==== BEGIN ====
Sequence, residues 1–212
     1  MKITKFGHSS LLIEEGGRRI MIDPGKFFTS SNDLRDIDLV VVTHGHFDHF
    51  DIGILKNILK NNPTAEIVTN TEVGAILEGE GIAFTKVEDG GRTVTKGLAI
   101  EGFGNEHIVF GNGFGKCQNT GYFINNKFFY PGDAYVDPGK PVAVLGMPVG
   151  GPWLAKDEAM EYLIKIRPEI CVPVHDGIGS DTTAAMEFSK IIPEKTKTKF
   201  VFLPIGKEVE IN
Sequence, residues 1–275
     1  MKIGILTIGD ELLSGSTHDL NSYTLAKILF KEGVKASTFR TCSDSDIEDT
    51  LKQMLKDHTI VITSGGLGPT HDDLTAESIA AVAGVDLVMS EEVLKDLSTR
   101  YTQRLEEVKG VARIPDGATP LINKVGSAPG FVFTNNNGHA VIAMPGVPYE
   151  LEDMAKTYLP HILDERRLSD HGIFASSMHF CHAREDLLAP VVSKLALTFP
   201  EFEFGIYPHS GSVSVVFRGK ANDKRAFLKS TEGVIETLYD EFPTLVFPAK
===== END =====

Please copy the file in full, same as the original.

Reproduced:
Sequence, residues 1–212
     1  MKITKFGHSS LLIEEGGRRI MIDPGKFFTS SNDLRDIDLV VVTHGHFDHF
    51  DIGILKNILK NNPTAEIVTN TEVGAILEGE GIAFTKVEDG GRTVTKGLAI
   101  EGFGNEHIVF GNGFGKCQNT GYFINNKFFY PGDAYVDPGK PVAVLGMPVG
   151  GPWLAKDEAM EYLIKIRPEI CVPVHDGIGS DTTAAMEFSK IIPEKTKTKF
   201  VFLPIGKEVE IN
Sequence, residues 1–275
     1  MKIGILTIGD ELLSGSTHDL NSYTLAKILF KEGVKASTFR TCSDSDIEDT
    51  LKQMLKDHTI VITSGGLGPT HDDLTAESIA AVAGVDLVMS EEVLKDLSTR
   101  YTQRLEEVKG VARIPDGATP LINKVGSAPG FVFTNNNGHA VIAMPGVPYE
   151  LEDMAKTYLP HILDERRLSD HGIFASSMHF CHAREDLLAP VVSKLALTFP
   201  EFEFGIYPHS GSVSVVFRGK ANDKRAFLKS TEGVIETLYD EFPTLVFPAK